But the theft of copper and other metals — plumbing from construction sites, plaques from public parks and even manholes from streets — became a nationwide epidemic when the value of metals shot up. Though scrap dealers now pay about $1.20 a pound for copper, the nonferrous metal commanded $3 a pound a year ago, said a worker at one dealer, the Timpson Trading Corporation who would not give his name.

    To deter theft, the company, which is based in Hunts Point in the Bronx, refuses to buy Con Edison wires or city property, because items from those entities are more likely to have been stolen, the worker said. It also demands to see driver’s licenses and takes down license plate numbers when sellers come in.

    “But there’s no real way of knowing where anything else comes from,” the employee admitted.

    Though commodities prices may have dipped, some Union Square workers are not sighing with relief just yet.

    In the early hours of New Year’s Day, thieves broke into a newsstand belonging to Mohammed Khokan and took an A.T.M. containing $5,000, Mr. Khokan said. And, he added, it is quite conceivable that a future target may be his stand’s green-metal walls.

    “There are a lot of crazies in this area, my friend,” Mr. Khokan said. “I don’t always believe that when I leave for the night my store will be here the next day.”

  9. #39

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    Most of the plaza is complete. simple, not fussy.

    Trees define the perimeter. I think the green boxes are unfinished utility connections for the greenmarket.




    New playground, pavilion restoration, restrooms.

  10. #40
    Disgruntled Optimist lofter1's Avatar
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    Check out this great old beauty that used to stand at the SE corner of E 14th & Fourth Avenue where the Walgreens now sits (it's mis-labeled -- it states the view is looking to the NW, when it's actually looking at the intersection from the NW to the SE):

    Image ID: 1507795
    14th Street (East) c. 1917

  11. #41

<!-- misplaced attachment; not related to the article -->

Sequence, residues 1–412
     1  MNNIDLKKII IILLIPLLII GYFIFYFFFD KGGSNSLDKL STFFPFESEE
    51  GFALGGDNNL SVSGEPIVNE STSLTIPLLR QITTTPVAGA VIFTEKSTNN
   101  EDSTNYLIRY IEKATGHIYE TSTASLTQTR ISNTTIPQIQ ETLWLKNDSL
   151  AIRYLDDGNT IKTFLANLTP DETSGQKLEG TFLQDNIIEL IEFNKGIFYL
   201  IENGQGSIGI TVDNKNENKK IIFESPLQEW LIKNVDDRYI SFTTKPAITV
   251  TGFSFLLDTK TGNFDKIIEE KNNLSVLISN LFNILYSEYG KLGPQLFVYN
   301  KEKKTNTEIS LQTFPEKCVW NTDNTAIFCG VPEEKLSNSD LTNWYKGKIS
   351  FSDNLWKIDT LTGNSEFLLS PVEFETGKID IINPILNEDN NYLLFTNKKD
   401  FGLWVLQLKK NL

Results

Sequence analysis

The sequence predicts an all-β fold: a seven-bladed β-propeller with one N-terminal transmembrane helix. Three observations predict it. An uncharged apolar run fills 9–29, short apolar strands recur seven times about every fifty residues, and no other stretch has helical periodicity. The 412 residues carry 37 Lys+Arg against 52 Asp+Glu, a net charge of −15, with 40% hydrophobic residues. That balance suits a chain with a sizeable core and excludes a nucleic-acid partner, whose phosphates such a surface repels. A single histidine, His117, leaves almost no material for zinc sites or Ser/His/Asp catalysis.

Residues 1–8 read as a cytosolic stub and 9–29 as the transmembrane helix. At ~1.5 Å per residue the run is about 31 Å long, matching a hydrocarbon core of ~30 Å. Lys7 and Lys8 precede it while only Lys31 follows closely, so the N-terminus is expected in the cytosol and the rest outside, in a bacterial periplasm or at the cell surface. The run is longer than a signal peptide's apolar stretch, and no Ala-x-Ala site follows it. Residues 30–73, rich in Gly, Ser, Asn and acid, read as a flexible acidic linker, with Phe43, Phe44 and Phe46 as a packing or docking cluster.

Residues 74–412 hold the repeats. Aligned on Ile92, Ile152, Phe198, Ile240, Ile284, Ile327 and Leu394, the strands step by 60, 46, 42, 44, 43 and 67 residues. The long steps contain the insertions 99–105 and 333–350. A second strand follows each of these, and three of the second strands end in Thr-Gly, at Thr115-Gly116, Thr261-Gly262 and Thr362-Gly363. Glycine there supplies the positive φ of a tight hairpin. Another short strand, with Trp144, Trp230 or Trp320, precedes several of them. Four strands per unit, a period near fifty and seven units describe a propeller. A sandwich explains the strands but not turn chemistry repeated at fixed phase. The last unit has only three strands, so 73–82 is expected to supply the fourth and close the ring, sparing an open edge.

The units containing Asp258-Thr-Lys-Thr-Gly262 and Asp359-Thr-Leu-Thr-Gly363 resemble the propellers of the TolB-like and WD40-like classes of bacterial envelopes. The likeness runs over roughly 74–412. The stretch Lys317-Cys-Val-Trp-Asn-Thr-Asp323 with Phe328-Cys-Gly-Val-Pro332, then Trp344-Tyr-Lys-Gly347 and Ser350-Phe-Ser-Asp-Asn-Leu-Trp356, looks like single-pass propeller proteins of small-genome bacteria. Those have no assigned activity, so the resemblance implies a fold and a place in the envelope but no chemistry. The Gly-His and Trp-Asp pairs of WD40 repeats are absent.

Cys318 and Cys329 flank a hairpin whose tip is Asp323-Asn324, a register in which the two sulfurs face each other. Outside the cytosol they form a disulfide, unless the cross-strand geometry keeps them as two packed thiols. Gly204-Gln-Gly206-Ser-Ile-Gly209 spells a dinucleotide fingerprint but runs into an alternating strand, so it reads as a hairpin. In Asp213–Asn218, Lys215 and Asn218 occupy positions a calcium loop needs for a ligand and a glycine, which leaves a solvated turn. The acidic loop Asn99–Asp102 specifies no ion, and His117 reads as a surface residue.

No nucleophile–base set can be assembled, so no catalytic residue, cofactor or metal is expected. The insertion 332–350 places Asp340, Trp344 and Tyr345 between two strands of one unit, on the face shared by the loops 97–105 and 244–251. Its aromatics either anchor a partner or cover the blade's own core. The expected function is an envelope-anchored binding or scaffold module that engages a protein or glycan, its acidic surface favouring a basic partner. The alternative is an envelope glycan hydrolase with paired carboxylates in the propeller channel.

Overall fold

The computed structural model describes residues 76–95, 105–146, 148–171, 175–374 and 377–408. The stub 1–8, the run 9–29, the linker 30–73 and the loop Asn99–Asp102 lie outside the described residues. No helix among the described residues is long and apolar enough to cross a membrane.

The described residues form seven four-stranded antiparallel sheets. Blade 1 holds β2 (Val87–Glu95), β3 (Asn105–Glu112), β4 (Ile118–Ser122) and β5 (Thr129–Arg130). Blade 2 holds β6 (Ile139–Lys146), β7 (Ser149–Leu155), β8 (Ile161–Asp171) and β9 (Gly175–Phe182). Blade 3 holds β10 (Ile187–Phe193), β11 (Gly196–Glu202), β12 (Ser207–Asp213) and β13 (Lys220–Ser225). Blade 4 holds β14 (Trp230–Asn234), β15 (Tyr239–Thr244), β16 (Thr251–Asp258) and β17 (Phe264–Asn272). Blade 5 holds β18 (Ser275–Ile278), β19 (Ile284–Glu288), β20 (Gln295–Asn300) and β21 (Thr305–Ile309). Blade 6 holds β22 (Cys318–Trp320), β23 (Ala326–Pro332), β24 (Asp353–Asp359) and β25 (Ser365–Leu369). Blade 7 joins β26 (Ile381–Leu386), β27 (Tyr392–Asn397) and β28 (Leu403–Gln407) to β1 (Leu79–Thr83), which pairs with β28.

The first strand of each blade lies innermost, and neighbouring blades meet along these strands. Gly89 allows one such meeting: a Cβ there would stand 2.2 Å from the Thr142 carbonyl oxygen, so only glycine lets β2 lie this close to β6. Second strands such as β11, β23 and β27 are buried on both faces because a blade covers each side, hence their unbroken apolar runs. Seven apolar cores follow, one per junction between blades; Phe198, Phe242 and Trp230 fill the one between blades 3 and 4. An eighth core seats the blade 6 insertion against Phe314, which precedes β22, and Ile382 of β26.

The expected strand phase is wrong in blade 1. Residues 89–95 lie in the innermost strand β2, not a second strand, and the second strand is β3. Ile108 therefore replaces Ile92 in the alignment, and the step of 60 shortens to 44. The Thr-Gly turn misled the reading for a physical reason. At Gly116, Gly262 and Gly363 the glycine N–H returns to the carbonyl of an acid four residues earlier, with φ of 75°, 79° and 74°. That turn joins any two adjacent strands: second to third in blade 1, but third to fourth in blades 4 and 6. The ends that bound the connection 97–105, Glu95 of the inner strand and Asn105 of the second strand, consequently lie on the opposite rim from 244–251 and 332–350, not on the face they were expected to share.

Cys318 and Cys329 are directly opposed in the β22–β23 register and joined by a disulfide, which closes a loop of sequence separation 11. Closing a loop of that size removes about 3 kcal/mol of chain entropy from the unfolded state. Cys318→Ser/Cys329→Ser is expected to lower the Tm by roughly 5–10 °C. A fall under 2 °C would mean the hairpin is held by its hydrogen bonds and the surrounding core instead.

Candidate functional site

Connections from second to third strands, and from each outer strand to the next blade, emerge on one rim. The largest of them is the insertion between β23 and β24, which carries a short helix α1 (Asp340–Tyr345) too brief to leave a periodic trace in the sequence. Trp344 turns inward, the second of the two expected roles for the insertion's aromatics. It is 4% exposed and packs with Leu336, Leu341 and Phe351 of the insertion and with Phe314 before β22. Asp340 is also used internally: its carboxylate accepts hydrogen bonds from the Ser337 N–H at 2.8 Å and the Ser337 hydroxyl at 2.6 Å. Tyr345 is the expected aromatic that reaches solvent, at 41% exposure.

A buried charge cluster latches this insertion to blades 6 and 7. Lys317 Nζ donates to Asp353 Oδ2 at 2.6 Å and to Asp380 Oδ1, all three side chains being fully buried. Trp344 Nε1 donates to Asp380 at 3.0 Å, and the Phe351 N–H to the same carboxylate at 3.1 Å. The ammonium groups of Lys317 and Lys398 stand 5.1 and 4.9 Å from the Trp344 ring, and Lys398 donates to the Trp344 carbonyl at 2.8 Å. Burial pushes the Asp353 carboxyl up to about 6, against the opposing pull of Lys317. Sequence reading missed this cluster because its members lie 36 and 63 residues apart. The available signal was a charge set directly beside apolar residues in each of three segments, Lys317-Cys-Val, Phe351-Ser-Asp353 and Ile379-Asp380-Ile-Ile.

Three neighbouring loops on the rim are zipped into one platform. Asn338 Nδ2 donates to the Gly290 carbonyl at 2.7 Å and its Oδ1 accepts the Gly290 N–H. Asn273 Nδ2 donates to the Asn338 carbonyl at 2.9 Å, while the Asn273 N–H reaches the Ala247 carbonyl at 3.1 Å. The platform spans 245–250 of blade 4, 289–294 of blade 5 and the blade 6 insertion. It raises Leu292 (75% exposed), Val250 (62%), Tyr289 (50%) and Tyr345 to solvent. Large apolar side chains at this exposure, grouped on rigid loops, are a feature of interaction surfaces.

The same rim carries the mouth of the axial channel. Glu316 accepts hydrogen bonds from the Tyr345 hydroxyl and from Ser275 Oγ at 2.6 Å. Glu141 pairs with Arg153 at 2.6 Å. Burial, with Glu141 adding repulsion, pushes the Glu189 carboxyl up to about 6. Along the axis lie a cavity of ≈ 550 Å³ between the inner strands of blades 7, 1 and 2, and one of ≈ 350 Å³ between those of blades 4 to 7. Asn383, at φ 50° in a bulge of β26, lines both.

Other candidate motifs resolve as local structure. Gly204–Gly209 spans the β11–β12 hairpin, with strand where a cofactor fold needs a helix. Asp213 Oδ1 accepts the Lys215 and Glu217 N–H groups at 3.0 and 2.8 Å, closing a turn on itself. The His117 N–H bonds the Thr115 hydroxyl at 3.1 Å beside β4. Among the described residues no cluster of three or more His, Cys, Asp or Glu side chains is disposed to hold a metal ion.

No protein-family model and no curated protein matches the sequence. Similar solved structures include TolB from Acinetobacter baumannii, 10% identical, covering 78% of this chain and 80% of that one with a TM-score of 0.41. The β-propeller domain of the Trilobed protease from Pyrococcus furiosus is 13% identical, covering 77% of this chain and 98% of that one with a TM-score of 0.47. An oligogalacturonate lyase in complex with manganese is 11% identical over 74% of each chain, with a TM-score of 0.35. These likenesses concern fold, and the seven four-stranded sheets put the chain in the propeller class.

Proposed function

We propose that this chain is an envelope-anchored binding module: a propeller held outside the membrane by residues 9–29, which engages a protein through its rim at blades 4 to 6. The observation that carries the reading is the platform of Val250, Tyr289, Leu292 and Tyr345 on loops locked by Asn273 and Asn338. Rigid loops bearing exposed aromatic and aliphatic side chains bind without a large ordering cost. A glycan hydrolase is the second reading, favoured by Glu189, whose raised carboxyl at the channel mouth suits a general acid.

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    Beautiful.

  12. #42
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    More about it (The German Savings Bank, 1870-72; Arch.: Henry Fernbach & Edward Kendall) HERE and HERE:

    Q. Accounts of the career of Augustus Saint-Gaudens refer to his first studio in the “German Savings Bank building.” The date would have been in the 1870s. Would you know the address? ... Samuel G. White, Manhattan

    A. The old bank, built in 1872, had a heavy, classic white marble facade with a mansard roof and a picturesque corner cupola — an artist’s studio, perhaps? It stood at the angled southeast corner of 14th Street and Fourth Avenue and was designed by Henry Fernbach with Edward Kendall.

    It was at the bank that Saint-Gaudens met Stanford White in the 1870s. In 1913, The New York Times related an account of the meeting from Saint-Gaudens's memoir. White was climbing the bank stairs on other business when he heard the sculptor “bawl the Andante of Beethoven’s Seventh Symphony.” White decided to drop in to meet the singer. Within a year or two, they had designed the statue of Admiral Farragut in Madison Square Park. They remained close friends and collaborators for the rest of their lives.

    The German Savings Bank, renamed in 1918 the Central Savings Bank, was demolished in 1962 for the apartment house now on the site.

  13. #43
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    And lucky us, look at what we have instead.

  14. #44
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    Horrible. This is progress?

  15. #45

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    Following the history of NYC architecture over the last 65 years, any notions of a natural trajectory of human civilization and progress begin to dissolve. Obviously, we have climate-controlling elements, building materials and engineering capabilities we never could've dreamed about then. But I guess it shows the Romans always have to be on the lookout for barbarians, so to speak (and in the case of NYC architecture, the barbarians began looting the city after WWII...).

    Enough digressing. Anyone know what was previously on the site of the Zeckendorf Towers? I've wondered about that for years.